Keeping Track Of The Healthy Dog

The Resource for Everything About Dogs


Keeping Track Of The Healthy Dog

by Michael Russell



Grooming the dog involves more than just a quick brushing. It should involve every aspect of the dogs coat and skin and should include the regular cleaning of the teeth, the ears and the feet, including trimming the nails.

For the long coated breeds, there should be a brushing clear to the skin at least once weekly. This requires a process known as line -combing, where the hair is actually parted and combed. When this is done regularly, any problems which crop up such as flea bites or hot spots can be recognized before they go too far. For short coated breeds, the brushing needs to include an inspection of the skin also and often this is more difficult because it is impossible to "part the hair" and see down to the skin. However generally just feeling the skin under the coat will work in most cases. Any fleas or ticks can be noted and precautions taken if this type of grooming is done regularly. The best prevention for fleas and ticks, despite the many advertisements for the liquids, which are placed on the top of the back, is still probably just the good old-fashioned flea powder or flea collar, for the reason that these products are flea repellents. The other products do not repel the bugs, only kill them after they bite! As for the ears, they are often the most problematic area for many dogs, especially those with lop over or hound ears. Often moisture gets into the ear and never has a chance to dry out, fungal infections develop and without treatment they do not clear up. Treatment consists of thorough cleaning daily, plus the addition of a medication to stop yeast infections. Baby wipes work very well for cleaning the ear. Cotton swabs (Q-tips) should not be used; however, cotton balls soaked in an antiseptic solution are fine. Sometimes there are ear mites present and of course, in that case a mite killing medication is necessary. Even the dogs with prick ears can suffer with problems, especially fly bites. Fly bites are most prevalent on dogs who are kept outside in the summertime. Fly bites can be avoided by keeping the food area clean so as not to attract flies, also picking up stool. One of the best preventions of fly bites is to keep a fan if possible in the area, which blows right in to the water and food area. Flies will not land when there is a good breeze.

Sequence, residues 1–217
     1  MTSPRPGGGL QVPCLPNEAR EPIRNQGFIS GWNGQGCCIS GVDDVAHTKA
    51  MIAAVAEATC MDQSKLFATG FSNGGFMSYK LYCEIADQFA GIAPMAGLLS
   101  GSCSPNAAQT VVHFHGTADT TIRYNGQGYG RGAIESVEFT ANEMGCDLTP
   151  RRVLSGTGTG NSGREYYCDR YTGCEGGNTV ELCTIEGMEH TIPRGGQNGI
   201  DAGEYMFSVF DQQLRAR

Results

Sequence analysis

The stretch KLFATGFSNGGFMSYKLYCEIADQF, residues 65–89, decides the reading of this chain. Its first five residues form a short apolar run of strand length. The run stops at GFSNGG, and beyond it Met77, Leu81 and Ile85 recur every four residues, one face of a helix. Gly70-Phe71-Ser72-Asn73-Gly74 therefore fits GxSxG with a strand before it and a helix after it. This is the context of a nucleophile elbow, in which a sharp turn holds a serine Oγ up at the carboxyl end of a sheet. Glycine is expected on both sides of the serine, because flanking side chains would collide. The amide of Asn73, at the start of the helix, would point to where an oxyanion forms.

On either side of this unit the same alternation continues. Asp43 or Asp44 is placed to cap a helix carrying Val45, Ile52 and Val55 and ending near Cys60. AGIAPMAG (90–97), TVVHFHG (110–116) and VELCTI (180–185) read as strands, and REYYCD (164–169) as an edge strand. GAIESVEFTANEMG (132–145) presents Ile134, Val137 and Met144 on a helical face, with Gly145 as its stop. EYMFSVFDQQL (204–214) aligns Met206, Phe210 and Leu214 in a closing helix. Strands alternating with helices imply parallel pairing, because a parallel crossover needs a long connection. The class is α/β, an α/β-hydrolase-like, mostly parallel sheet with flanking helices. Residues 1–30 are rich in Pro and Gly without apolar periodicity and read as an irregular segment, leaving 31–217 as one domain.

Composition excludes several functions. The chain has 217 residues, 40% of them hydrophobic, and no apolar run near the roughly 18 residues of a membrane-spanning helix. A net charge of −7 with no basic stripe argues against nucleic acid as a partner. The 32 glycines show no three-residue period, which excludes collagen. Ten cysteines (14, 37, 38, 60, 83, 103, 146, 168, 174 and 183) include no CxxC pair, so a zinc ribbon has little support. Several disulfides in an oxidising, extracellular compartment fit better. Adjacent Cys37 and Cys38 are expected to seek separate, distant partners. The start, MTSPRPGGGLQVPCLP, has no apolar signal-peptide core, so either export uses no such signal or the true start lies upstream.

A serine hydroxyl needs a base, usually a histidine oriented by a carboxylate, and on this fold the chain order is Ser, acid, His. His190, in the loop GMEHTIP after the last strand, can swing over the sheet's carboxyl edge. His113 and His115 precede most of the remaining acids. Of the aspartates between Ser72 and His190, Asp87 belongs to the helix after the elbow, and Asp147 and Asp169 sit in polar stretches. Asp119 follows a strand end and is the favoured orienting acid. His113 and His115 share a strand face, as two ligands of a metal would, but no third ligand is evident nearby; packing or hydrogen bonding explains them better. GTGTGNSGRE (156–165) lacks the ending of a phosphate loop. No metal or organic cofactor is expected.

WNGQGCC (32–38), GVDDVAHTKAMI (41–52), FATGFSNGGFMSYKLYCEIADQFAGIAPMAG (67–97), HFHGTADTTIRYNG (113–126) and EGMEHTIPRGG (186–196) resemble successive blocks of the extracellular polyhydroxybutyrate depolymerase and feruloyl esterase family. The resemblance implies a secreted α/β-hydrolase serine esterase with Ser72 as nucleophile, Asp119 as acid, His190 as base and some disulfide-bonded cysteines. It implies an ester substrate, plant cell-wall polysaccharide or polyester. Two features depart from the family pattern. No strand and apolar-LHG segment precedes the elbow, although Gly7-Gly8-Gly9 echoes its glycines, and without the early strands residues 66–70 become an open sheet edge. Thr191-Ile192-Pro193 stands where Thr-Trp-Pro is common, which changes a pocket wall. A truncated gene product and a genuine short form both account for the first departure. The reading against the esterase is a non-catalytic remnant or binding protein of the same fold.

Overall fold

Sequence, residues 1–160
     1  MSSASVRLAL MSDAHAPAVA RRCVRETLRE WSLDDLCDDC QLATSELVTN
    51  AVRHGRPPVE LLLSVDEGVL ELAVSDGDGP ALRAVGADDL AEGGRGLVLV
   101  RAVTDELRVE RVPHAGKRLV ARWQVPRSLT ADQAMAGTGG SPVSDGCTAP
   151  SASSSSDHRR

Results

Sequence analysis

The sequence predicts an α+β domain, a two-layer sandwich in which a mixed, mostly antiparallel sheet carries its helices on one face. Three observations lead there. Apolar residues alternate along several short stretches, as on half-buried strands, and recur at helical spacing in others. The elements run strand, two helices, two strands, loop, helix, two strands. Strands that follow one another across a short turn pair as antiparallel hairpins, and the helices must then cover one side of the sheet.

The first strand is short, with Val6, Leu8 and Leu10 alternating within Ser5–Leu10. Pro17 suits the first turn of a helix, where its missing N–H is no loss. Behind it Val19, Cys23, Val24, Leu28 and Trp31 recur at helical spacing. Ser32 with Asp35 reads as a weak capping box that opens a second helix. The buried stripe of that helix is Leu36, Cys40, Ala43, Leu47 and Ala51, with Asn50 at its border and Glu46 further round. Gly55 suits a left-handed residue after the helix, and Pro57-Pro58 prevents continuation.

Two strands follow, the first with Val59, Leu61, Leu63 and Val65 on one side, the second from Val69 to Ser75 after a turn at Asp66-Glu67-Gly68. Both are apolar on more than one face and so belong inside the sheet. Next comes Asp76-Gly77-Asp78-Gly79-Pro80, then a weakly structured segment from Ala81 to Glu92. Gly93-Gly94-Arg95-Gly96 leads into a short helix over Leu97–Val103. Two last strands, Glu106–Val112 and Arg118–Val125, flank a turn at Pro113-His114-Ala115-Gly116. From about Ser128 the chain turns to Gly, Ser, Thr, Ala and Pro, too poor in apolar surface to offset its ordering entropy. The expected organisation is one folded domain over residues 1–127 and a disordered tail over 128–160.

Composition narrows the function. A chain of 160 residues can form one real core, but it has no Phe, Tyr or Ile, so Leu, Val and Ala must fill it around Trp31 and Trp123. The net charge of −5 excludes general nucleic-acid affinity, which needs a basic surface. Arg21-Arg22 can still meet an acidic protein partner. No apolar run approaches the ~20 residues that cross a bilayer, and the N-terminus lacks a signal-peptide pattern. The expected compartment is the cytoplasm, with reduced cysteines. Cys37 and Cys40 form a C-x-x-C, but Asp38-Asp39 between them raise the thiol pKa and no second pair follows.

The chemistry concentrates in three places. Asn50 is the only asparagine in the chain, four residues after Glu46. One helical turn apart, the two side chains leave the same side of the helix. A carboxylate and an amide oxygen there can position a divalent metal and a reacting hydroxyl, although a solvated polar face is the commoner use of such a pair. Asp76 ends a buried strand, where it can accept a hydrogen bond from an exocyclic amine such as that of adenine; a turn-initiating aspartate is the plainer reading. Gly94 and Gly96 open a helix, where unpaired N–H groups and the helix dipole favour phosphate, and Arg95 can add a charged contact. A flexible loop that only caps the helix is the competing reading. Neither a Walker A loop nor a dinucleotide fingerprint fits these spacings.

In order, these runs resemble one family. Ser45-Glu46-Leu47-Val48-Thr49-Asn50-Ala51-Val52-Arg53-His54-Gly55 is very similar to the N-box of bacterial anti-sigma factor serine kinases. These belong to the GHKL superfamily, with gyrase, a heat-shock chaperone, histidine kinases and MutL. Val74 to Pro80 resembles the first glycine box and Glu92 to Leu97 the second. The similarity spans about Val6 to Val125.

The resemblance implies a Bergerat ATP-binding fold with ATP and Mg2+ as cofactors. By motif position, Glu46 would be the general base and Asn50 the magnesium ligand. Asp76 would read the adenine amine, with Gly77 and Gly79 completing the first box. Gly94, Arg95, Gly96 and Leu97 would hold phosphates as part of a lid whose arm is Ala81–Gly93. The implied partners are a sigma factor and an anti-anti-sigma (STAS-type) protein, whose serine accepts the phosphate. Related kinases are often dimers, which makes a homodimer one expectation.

Another problem which should be checked during grooming is the feet. Care of the feet includes cleaning out possible cockle burrs between the hair of the toes of the longer coated breeds. In the western and Midwestern states of the United States, a regular inspection for and removal of foxtail is extremely important, for these seed heads can burrow into the skin and even the internal organs of the dog. There is also a condition similar to athlete's foot in the human, which can develop between the toes in dogs. This will appear as raw red skin between the toes and is best treated with the same sort of foot powders that people use.

If you make it a practice to check regularly on the condition of your dog through grooming, you will also provide a time for you and your dog to bond more closely together. Furthermore, you just might save on your vet bill in the long run.

Michael Russell Your Independent guide to Dog Training

Michael Russell - EzineArticles Expert Author



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